Metropolitan News-Enterprise


Friday, June 23, 2023


Page 3


California Supreme Court:

§821.6 Immunity Does Not Extend to Police Investigations


By a MetNews Staff Writer


A Government Code section that creates immunity based on wrongful prosecutions does not extend to conduct in the course of criminal investigations, the California Supreme Court held yesterday in a unanimous opinion.

Sec. 821.6 provides:

“A public employee is not liable for injury caused by his instituting or prosecuting any judicial or administrative proceeding within the scope of his employment, even if he acts maliciously and without probable cause.”

Justice Leondra Kruger wrote:

“While other provisions of the Government Claims Act may confer immunity for certain investigatory actions, section 821.6 does not broadly immunize police officers or other public employees for any and all harmful actions they may take in the course of investigating crime.”

In particular, the high court held that the County of Riverside cannot rely upon §821.6 in defending against liability in an action in which a widow, Dora Leon, is suing for negligent infliction of emotional distress based on sheriff’s deputies left the uncovered body of her husband on the driveway of their home for eight hours after he was fatally shot by a neighbor.

Appeals Court’s Opinion

The opinion reverses a contrary decision by Div. Two of the Fourth District Court of Appeal. In his May 27, 2021 opinion, Justice Richard T. Fields said:

“The county is immune from liability to Dora for any negligence or other tortious conduct on the part of the deputies in failing to promptly cover Jose’s body, or promptly remove Jose’s body from the crime scene. Undisputed evidence shows that the deputies’ negligence, if any, occurred during the course of the deputies’ official investigation of the shooting. For this reason, the deputies are immune from liability to Dora (§ 821.6), and, the county, as the deputies’ public entity employer, is immune from vicarious liability for the deputies’ negligence, if any. (Gov. Code, §§ 815.2, subd. (b), 821.6.)”

Justice Michael J. Raphael observed in a concurring opinion that “any correction to the Court of Appeal’s decades-old, expansive application of section 821.6 will have to come from our Supreme Court, rather than from us.”

Such a “correction” came yesterday. Kruger declared that the conclusion the Court of Appeal reached “is inconsistent with section 821.6’s text and history, as well as our precedent construing the same.”

‘Correction’ Provided

Kruger corrected the Supreme Court’s own mischaracterization of the immunity in past opinions as well as the courts of appeal’s misapprehension as to its scope. Noting that the statute covers negligent prosecutions, in the absence of malice, she said:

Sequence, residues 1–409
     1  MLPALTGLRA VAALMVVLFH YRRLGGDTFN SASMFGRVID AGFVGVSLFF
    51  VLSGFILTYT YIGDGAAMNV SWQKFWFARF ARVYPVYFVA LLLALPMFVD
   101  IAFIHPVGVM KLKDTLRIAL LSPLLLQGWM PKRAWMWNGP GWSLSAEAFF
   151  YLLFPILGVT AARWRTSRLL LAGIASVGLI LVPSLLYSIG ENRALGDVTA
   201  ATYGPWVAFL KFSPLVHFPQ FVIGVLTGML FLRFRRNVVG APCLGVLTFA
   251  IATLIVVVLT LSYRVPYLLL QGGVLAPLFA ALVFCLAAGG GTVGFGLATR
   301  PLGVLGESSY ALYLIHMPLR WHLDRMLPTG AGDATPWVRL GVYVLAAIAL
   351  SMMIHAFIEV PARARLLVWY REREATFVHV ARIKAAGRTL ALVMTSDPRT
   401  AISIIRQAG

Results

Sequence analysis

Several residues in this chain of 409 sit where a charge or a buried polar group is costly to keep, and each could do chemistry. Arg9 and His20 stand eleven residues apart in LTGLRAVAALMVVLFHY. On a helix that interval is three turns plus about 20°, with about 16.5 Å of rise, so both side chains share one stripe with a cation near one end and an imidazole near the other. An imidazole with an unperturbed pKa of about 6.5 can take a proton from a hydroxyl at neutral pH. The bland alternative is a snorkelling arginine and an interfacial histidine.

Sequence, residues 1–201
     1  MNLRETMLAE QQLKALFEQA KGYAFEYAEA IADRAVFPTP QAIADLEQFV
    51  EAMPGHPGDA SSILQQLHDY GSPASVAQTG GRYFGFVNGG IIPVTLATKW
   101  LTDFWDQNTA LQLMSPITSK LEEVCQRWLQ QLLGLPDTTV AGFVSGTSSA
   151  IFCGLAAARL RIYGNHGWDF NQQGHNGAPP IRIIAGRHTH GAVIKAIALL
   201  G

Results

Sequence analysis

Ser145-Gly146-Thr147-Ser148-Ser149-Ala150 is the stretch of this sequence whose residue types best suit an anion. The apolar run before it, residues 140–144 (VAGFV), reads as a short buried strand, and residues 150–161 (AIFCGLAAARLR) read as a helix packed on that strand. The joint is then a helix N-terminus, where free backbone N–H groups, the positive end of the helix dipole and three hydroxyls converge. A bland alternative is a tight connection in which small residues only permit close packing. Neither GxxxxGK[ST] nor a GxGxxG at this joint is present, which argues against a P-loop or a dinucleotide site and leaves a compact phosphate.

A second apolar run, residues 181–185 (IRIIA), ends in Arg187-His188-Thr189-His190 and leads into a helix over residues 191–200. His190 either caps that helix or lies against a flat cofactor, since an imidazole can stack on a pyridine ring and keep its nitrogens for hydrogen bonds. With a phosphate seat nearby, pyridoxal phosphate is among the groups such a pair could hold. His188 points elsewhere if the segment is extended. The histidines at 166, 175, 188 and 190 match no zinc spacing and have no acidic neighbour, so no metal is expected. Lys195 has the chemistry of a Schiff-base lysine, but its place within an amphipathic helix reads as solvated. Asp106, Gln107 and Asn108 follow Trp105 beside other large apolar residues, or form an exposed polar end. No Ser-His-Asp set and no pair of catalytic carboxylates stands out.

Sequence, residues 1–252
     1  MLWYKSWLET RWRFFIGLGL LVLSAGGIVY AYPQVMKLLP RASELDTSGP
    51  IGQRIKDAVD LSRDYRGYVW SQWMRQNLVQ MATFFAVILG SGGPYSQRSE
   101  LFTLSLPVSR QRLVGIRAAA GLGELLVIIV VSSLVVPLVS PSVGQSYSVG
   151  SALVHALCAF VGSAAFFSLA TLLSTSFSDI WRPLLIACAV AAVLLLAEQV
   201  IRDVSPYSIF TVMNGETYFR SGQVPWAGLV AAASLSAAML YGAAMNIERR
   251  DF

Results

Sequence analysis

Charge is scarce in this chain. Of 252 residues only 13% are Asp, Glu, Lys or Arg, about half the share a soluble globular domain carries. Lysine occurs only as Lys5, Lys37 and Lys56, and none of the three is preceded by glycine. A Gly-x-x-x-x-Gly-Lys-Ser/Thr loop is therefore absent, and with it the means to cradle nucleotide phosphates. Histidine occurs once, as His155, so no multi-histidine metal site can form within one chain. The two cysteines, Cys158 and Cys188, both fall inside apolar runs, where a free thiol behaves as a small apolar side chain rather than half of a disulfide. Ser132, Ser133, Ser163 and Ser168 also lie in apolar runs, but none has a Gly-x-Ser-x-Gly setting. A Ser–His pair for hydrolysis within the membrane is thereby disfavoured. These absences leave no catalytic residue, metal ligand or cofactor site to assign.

“For this reason, although our prior decisions have loosely described section 821.6 as conferring immunity against malicious prosecution claims…, section 821.6 is more aptly characterized as providing immunity against liability for claims of injury based on tortious or wrongful prosecution. The immunity is narrow in the sense that it applies only if the conduct that allegedly caused the plaintiffs injuries was the institution or prosecution of an official proceeding. But this immunity is broad in the sense that it applies to every such tort claim, whether formally labeled as a claim for malicious prosecution or not. And where it applies, it is absolute….”

Discrete Functions

She spelled out:

“To be sure, the facts surrounding the conduct of an investigation and the initiation or conduct of prosecution may sometimes overlap. But the potential for factual overlap between investigations and prosecutions does not justify treating them as one and the same, as the County asks us to do. If a law enforcement officer has initiated an official proceeding, the officer will enjoy immunity for that conduct under section 821.6, regardless of whether the officer s conduct may include certain acts described as investigatory. Where, however, the plaintiffs claim of injury does not stem from the initiation or prosecution of proceedings, section 821.6 immunity does not apply.”

The plaintiff, Kruger noted, “is not suing the County and its officers for causing an unjust prosecution, but for the officers’ lack of care in handling her late husband’s body.”

The opinion disapproves contrary conclusions reached in 12 Court of Appeal opinions.

On remand, Kruger said, the county may raise other immunity statutes.

The case is Leon v. County of Riverside, 2023 S.O.S. 2079.


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